WHITE PLAINS, N.Y. -- Kenneth Walter strove to find ways to engage students during his career as an adjunct professor in The School of Financial Planning at Fairleigh Dickinson University in New Jersey. Walter relinquished his teaching duties due to time constraints when he was promoted to Chief Financial Officer of his former place of employment.
Walter is currently Chief Financial Officer and Senior Vice President for The Westchester Bank, but feels he perhaps found a future job when his business career ends.
“I enjoyed it because I was dealing with adults rather than children,’’ Walter said. “I didn’t have to take attendance. It was a more relaxed atmosphere. I felt like I made a big difference. At the end of each session I was evaluated by the students and most of the reviews were positive. I had students call and thank me for the way that I approached the course.”
Walter taught taxation and other business related classes. Hardly the most engaging of topics, Walter tried to create an atmosphere that challenged the students but also kept them focused.
“I approached it two ways,’’ he said. “I paraphrased in my own words the important aspects of a 30-page chapter. As I taught a certain section, I’d give them two or three examples to enhance what I was speaking about. The second thing was I’d ask the class if anyone could give me an example that they may have had in real life. It was more of a dialogue than reading from a textbook.”
Walter’s career path to his current position, and even his job as a teacher, was hardly set in stone from a young age. He remembers attending St. Peter’s Prep in New Jersey for high school and taking a basic accounting class. “The teacher made it interesting and I enjoyed it,’’ he said. “But when I went to college, I didn’t know what I wanted to do.”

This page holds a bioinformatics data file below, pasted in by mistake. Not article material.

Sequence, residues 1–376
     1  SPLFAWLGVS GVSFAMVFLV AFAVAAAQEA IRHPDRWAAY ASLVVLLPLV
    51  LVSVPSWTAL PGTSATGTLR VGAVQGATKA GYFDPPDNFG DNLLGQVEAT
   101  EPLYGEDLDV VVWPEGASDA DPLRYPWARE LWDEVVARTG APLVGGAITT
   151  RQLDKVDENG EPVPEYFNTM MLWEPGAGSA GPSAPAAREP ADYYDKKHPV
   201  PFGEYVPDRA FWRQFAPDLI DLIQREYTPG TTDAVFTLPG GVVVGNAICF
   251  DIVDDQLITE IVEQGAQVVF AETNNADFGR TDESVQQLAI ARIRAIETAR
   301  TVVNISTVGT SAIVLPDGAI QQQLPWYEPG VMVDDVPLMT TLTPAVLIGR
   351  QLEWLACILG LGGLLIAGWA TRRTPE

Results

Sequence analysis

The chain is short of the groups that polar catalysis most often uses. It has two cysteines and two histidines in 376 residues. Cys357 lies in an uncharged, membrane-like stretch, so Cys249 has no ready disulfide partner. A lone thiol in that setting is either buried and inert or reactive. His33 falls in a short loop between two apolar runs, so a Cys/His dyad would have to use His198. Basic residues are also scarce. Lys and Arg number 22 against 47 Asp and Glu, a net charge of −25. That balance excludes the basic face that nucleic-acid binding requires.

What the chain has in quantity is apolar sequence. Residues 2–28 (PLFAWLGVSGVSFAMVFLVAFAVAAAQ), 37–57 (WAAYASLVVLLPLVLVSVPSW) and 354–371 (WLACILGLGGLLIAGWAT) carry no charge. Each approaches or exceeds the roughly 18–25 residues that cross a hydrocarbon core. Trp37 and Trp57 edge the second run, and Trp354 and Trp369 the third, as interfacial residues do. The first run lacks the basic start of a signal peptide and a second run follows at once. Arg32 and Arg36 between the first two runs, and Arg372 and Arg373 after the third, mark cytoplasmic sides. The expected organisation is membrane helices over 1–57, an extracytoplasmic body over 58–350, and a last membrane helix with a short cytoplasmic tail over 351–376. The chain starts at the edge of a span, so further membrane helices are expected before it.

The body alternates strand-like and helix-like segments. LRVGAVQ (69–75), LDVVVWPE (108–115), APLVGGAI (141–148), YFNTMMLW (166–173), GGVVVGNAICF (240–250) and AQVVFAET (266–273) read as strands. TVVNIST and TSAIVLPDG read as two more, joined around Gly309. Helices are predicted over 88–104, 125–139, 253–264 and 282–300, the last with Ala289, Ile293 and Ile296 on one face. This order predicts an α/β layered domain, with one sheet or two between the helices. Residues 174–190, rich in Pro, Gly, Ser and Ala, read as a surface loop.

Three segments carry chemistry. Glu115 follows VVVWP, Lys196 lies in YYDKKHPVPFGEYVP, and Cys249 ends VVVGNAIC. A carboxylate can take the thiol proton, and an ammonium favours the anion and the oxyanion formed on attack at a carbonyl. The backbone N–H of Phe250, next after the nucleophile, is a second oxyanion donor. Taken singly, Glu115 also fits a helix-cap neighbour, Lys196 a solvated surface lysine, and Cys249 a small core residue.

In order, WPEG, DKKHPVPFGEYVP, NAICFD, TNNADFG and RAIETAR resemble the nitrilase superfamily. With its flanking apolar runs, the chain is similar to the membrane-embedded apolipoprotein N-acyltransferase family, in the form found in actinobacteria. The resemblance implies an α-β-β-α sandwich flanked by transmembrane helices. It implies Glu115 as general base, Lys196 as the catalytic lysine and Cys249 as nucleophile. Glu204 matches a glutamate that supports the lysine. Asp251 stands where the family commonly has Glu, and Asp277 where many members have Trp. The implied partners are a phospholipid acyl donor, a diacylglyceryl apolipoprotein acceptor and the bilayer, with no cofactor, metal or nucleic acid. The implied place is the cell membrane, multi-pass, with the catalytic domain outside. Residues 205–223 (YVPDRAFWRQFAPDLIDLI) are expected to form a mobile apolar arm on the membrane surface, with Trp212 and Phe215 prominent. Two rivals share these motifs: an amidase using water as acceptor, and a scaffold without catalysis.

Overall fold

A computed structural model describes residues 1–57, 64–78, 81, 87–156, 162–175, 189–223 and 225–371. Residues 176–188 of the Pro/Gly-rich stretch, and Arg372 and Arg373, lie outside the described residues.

After his first two years at Montclair State, Walter faced a deadline to declare a major. “I sat with my guidance counselor and still didn’t know what I wanted to do in terms of business,’’ he said. “I remembered the accounting class in high school and said put me down for accounting. The rest is history.”
Walter’s passion for his work unfolds in his conversation. That obviously influenced his students, who could feel that dry subject matter did not necessarily mean boring. “I tried to make it as interesting as possible for such a boring subject,’’ Walter said. “One of the things I would say in class is that debits are to the left by the windows and credits are to the right by the door. I made it very basic at the start.”
Walter’s work at the Bank is far more complicated. Yet he brings the same energy and passion that he had in the classroom to his daily work.
“You have to laugh in life,’’ he said. “There are no problems, only solutions. That’s the way I look at life. We have a great team here at The Westchester Bank that laughs together and works hard together.”